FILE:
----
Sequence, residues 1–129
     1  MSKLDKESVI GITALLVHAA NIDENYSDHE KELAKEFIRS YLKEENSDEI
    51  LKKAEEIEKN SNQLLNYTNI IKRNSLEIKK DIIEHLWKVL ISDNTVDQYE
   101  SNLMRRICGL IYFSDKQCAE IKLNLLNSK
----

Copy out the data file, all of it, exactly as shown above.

Sequence, residues 1–129
     1  MSKLDKESVI GITALLVHAA NIDENYSDHE KELAKEFIRS YLKEENSDEI
    51  LKKAEEIEKN SNQLLNYTNI IKRNSLEIKK DIIEHLWKVL ISDNTVDQYE
   101  SNLMRRICGL IYFSDKQCAE IKLNLLNSK